Getting To Know Athiya Shetty
When Athiya Shetty told her father Suniel (Shetty) that she wanted to be an actor, they had just finished scouting for potential colleges and were halfway around the world. A passionate theatre performer since her school days, the young girl had loved being in the spotlight for as long as she could remember. “That was my biggest high while growing up,” she reveals. And, she finally made her silver screen debut with Hero last year.
A few months after her first screen outing, when I meet her in Mumbai, at the Essajees warehouse, my first sight of Athiya is that of a tall girl leaning against a car, sporting a white blouse, ripped jeans and sunglasses. She is casually watching the world passing by, awaiting the nod from the team to get on with the shoot. A quick introduction leads to our conversation that soon continues in the cool confines of her SUV where we retreat to, to beat the heat of the morning. She is around my age — give or take a few months — and I realise that the New York Film Academy (NYFA) alumnus who confidently flirts with the camera is really a young debutante seeking to set her imprint on the world.
Our chat is peppered with giggles. Through our exchange I learn that even though she is just one-film-old in the industry, she has already learnt some valuable lessons from her time as an actor here.
But, her surname warrants an obvious question and that is one of the first that I put to her. I ask her what does being Suniel Shetty’s daughter mean to her? What is the importance of her legacy? Athiya says, “My dad has always been extremely loved in the film industry. He has great relationships with everyone…I hope to walk upon his path because he’s always emphasised the importance of respecting the people that you work with. I want to ensure that his goodwill remains intact. To me, that’s important.”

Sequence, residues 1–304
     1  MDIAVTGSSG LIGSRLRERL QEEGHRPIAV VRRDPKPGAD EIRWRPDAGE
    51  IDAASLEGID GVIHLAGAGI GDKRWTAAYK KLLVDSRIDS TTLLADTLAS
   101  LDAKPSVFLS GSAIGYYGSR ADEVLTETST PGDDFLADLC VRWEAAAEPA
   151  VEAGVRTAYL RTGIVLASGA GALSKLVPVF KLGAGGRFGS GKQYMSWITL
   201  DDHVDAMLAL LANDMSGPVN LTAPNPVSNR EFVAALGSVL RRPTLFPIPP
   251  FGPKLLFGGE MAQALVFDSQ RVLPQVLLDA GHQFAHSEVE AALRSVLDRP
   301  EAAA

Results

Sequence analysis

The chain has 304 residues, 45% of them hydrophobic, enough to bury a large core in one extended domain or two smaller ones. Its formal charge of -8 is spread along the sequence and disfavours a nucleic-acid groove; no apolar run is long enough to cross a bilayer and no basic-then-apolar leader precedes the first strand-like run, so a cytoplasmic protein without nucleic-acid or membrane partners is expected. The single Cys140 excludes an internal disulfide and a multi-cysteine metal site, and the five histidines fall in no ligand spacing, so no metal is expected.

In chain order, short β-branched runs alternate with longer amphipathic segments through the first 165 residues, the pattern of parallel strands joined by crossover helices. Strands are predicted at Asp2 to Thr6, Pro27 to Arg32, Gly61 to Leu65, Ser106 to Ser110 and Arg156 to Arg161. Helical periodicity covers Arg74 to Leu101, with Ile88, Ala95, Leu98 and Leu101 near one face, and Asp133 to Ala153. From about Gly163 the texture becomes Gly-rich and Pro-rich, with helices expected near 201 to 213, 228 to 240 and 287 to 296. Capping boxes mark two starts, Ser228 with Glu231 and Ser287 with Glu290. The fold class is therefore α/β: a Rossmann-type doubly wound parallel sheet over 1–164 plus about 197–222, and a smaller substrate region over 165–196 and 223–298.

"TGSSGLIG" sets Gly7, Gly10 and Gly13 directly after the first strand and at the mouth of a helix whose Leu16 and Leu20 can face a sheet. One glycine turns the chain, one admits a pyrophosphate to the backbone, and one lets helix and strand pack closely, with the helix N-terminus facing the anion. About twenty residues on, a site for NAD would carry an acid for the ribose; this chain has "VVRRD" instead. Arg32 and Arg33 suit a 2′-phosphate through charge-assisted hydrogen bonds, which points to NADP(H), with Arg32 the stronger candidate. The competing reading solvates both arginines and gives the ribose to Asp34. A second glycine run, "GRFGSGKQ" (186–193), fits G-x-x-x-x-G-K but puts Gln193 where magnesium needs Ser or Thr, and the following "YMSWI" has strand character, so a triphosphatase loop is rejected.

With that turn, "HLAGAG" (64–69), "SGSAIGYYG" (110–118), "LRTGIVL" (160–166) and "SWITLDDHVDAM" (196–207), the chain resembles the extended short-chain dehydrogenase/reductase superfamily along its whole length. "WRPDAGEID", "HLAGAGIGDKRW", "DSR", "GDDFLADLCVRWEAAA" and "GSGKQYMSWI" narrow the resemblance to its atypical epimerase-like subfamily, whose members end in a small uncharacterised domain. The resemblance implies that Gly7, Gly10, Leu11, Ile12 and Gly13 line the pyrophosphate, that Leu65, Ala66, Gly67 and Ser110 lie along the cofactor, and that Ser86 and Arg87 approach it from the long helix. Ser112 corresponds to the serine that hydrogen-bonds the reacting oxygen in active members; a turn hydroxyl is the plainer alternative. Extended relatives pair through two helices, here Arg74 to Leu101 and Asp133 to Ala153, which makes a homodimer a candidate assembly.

Like most daughters, she was closer to her mother (Mana Shetty) while growing up, even though she admits being equally influenced by both her parents. “My mother has been my best friend,” she smiles. “But now, since I’ve started working, I’ve grown closer to my dad because we talk about a lot of things that we never used to talk about…. I think as you grow older, you have different bonds, and my bond with my dad has become much stronger.”
An ardent Kajol fan, a part of the inspiration and influence to be an actor also came from watching a lot of the superstar’s movies. “There was no particular moment when I knew that I wanted to be in the profession. While growing up, I loved watching films, no matter what language they were in or genre they belonged to. I adored the idea of watching a movie and that motivated me to become an actor. Also, when I used to watch Kajol come alive on screen, I wanted to be like her, like every character she’s played.”
About her alternative career options she animatedly continues, “If not an actor…I would have been a waitress in New York! It’s always been my dream to work in a little cafe there….” With a little prodding from her manager, she adds, “I’d work in the cafe and make enough money to eventually own it one day. I love the Big Apple and would do anything to move to the city,” she finishes.